Either way you have 32 bits, or two words, to write to the non-volatile memory for each reading. In any case, I fail to see a problem here. It doesn't matter whether you write the two words in high-low or low-high order as long as you are consistant and the reader follows the same scheme. Again, what exactly is the problem?

\$\endgroup\$
  • \$\begingroup\$ I need to store 3 decimals after point which is very important. These values are from 24 bit ADC. I have a readings from ADC like 184567 then i am converting it into this float value. \$\endgroup\$ – verendra Oct 28 '15 at 9:16
0
\$\begingroup\$

Assuming that float is 32 bits and int is 16 bits, then you might save directly the contents of the float variable into the memory like in the following code.

int *address;
int value1, value2;
float value=3.4321;
address=(int *) &value;
value1=*address;
value2=*(address+1);

Eugene Sh. warned me that the cast from (float *) to (int *) breaks the C standard, and some compilers might not accept it. Therefore I post an alternative, assuming char is 8 bits, int is 16 bits and float is 32 bits:

char *address;
int value1, value2;
float value=3.4221;
address=(char *) &value;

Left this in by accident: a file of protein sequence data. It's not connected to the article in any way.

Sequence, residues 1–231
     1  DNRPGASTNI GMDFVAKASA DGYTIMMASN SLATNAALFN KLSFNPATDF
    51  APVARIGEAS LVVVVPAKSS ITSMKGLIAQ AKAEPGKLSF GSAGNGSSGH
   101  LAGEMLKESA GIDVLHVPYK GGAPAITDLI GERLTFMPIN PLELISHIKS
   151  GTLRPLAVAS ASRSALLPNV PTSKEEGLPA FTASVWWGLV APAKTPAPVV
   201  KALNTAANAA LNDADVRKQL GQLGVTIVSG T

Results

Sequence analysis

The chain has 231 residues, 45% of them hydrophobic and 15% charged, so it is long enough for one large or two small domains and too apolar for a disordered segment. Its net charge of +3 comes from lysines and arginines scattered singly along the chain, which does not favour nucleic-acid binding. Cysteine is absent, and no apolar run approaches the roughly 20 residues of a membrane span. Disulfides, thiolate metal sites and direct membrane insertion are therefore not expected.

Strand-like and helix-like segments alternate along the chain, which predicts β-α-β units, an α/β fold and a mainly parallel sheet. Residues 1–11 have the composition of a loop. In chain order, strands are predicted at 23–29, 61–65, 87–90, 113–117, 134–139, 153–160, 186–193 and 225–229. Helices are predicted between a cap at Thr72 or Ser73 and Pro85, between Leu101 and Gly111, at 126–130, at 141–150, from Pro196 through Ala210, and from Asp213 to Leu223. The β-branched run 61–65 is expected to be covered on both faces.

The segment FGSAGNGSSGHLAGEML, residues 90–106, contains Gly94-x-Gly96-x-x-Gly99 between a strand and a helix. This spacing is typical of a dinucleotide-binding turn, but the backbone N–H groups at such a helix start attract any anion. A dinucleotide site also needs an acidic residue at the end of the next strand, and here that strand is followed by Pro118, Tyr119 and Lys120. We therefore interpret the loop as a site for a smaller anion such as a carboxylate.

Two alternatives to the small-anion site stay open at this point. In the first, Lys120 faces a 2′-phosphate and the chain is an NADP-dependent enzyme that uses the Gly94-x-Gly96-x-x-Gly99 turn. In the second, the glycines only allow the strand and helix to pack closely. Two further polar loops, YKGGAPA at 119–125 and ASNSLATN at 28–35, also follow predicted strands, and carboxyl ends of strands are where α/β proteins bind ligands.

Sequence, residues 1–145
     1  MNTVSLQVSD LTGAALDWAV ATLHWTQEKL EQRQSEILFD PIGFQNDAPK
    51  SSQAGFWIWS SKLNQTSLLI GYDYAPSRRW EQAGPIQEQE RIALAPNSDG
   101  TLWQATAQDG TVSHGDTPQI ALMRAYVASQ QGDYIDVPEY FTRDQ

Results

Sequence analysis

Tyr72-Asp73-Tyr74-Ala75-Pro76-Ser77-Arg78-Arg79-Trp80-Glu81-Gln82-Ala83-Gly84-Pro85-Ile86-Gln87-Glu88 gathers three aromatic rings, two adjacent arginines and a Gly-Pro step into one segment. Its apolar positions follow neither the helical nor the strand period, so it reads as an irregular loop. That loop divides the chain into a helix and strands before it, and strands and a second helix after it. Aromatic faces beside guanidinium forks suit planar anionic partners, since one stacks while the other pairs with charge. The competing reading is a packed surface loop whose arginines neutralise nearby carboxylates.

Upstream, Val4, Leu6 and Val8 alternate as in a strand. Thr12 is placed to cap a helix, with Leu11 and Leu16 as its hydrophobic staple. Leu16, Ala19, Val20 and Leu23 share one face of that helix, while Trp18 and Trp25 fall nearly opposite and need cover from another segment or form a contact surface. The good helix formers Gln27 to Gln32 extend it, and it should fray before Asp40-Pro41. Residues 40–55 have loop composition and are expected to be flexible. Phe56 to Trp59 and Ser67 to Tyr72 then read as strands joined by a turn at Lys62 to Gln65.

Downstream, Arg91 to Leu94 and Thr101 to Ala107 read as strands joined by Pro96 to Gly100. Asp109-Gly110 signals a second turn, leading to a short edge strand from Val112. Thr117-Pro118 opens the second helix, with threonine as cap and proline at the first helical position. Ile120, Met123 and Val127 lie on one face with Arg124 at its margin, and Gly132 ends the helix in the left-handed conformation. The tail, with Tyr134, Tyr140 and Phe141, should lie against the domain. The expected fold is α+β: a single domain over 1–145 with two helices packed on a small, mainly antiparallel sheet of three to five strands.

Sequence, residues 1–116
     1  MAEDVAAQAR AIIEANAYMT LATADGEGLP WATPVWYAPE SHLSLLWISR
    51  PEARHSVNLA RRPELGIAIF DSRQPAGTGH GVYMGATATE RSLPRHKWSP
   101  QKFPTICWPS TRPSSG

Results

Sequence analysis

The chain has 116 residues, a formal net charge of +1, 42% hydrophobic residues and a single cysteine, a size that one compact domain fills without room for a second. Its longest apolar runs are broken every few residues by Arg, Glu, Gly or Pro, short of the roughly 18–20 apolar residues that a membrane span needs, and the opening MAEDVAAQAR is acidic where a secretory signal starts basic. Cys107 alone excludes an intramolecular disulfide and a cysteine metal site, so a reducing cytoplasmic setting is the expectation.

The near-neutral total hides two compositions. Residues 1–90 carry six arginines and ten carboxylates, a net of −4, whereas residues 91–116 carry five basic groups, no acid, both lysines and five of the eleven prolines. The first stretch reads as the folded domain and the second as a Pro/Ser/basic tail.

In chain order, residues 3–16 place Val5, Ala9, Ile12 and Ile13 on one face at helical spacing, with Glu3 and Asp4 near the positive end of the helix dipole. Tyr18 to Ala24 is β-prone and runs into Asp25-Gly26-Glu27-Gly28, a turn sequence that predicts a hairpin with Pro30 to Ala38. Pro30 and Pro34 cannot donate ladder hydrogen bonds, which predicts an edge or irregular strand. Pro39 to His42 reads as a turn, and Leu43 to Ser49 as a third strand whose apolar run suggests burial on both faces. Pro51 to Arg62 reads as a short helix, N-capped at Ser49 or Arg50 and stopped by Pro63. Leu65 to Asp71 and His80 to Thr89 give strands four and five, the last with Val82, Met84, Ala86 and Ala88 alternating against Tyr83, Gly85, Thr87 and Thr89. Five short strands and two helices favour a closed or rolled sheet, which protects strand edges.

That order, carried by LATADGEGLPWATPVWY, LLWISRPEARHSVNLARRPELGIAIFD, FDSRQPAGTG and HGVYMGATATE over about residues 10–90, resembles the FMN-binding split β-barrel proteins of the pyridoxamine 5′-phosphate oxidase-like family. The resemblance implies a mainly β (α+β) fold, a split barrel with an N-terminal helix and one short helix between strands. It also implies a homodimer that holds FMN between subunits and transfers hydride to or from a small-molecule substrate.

value1=(int) *adress+*(address+1)*256;
value2=(int) *(adress+2)+*(address+3)*256;

Actually, I think that the original code should also compile with any compiler with this small change:

int *address;
int value1, value2;
float value=3.4321;
address=(int *) (char *) &value;
value1=*address;
value2=*(address+1);
\$\endgroup\$
  • \$\begingroup\$ This is breaking the strict-aliasing rule. While most likely to work for now, it is violating the C standard. \$\endgroup\$ – Eugene Sh. Oct 27 '15 at 16:07
  • \$\begingroup\$ Yes, it is correct that this makes the code less portable, but actually if the code must be ported to another MCU many other changes will probably be necessary. \$\endgroup\$ – Roger C. Oct 27 '15 at 16:21
  • \$\begingroup\$ The specific strict-aliasing problem is not processor specific, but is C standard. Processor specific issues will begin when dealing with endiannes. \$\endgroup\$ – Eugene Sh. Oct 27 '15 at 16:24
  • \$\begingroup\$ @EugeneSh. Actually the fact that the code works or not only depends on float being 32 bits and int being 16 bits. And this might change depending on the compiler (that in turn generally depends on the processor that it is targetting). Do you suggest coding this particular piece of code in assembly language? \$\endgroup\$ – Roger C. Oct 27 '15 at 16:35
  • \$\begingroup\$ Exactly. It depends on many factors, and thus having undefined behavior in general. There are ways to work around this specific problem by, for example, wrapping the float together with int into a union. Or alias it as array of chars, which is allowed. \$\endgroup\$ – Eugene Sh. Oct 27 '15 at 16:39

Your Answer

By clicking “Post Your Answer”, you agree to our terms of service, privacy policy and cookie policy

Not the answer you're looking for? Browse other questions tagged or ask your own question.